World History 2 220 - 13.1.4 The Attack on Pearl Harbor

Trying to pressure the Japanese into ceasing their aggression, in August 1941 the United States imposed sanctions including an embargo on oil and gas sales to Japan. This action further reinforced Japan’s plan to turn to the South Pacific to absorb the natural resources of the crumbling European imperial regimes and the Philippines, a U.S. colony. Seeing the United States as a soft enemy unwilling to make the sacrifices needed to win a war, Japan planned a surprise assault on the naval base at Pearl Harbor, Hawaii, while last-ditch efforts at a diplomatic settlement between Tokyo and Washington were taking place. The United States wanted Japan to ultimately withdraw from China, to which it would not agree, and Japan felt the United States would not be open to further negotiations. Its leaders decided they had to move against the United States while they still could.

U.S. intelligence services had broken various Japanese codes, and by late November 1941, warnings were being sent to U.S. forces that war with Japan was likely, with the Philippines as the probable target. Early in the morning of December 7, a Japanese task force successfully eluded detection in a surprise attack that devastated the U.S. fleet at Pearl Harbor, sinking or damaging eight battleships and damaging other smaller craft, destroying or damaging approximately three hundred aircraft, killing more than two thousand people, and injuring more than one thousand others. Near-simultaneous attacks were launched on U.S. bases in the Philippines, Guam, and Wake Island. The following day, Congress voted unanimously to declare war on Japan. A few days later, following Germany’s and Italy’s declarations of war against the United States, the country entered the war in Europe as well on the side of the Allies. Following the attack on Pearl Harbor, China also joined the Allies, but it did not join in the fighting in Europe.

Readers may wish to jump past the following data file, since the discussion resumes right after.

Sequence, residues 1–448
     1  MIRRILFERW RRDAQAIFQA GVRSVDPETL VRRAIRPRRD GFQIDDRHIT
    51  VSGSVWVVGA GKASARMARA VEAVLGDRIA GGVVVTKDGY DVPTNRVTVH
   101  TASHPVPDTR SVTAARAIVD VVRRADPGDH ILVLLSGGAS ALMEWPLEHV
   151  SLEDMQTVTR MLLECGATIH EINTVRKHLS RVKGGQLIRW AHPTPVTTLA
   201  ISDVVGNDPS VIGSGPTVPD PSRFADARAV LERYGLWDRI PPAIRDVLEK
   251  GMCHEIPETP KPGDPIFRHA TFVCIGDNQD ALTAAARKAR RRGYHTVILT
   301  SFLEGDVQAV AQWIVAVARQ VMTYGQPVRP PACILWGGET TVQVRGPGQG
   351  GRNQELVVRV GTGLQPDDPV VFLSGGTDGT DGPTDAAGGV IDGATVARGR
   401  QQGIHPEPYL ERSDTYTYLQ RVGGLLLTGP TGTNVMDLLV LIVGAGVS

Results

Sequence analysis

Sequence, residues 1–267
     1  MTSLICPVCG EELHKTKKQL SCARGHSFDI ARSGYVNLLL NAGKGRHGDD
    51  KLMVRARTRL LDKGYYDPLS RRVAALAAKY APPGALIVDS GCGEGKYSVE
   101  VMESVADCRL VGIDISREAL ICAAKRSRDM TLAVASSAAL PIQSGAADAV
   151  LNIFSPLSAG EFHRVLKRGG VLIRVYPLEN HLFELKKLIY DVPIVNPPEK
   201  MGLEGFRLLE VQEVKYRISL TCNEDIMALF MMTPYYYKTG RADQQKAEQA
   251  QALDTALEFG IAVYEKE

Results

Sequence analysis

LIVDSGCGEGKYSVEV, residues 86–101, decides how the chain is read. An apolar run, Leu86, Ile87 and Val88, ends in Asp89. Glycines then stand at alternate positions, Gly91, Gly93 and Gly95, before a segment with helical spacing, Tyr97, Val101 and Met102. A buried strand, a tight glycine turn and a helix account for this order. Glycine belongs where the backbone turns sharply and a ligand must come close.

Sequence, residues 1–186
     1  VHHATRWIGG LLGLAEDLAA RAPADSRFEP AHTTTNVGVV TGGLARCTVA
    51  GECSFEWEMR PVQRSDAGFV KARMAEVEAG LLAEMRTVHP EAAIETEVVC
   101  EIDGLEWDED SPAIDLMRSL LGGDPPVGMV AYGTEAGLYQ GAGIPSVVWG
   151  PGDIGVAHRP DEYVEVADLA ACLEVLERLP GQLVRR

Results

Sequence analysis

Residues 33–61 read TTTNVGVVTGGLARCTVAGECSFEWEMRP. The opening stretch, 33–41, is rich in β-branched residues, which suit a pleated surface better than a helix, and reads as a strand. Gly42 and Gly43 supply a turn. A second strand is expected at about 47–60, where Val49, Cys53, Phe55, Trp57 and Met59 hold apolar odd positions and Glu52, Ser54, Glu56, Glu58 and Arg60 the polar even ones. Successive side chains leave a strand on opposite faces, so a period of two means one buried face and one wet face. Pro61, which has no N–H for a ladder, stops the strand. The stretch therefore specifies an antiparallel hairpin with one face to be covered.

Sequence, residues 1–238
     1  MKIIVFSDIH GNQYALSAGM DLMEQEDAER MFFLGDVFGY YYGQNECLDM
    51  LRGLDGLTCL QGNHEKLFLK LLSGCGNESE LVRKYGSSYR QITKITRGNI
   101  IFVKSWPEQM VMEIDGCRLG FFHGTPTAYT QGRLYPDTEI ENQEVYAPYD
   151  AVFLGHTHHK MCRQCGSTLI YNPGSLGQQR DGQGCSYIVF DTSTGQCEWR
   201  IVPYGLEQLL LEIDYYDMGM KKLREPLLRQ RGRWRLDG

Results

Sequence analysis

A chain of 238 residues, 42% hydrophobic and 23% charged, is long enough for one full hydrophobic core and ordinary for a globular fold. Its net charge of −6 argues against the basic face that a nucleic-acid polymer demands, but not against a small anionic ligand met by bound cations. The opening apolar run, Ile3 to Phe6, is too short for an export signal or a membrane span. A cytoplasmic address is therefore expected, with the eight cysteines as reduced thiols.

U.S. military planners had estimated that it might take nine million troops organized in more than two hundred divisions to secure victory in Europe and Asia. A massive recruitment and draft program had to be instituted to expand the army and prepare it for combat. Eventually, recruitment efforts expanded to African Americans, women, Native Americans, and thirty-three thousand Japanese Americans. Leadership of the troops fell to Dwight D. Eisenhower, who was rapidly promoted through the ranks to become a key aide to Chief of Staff George C. Marshall and commanding general of the European theater of operations.

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The content of this course has been taken from the free World History, Volume 2: from 1400 textbook by Openstax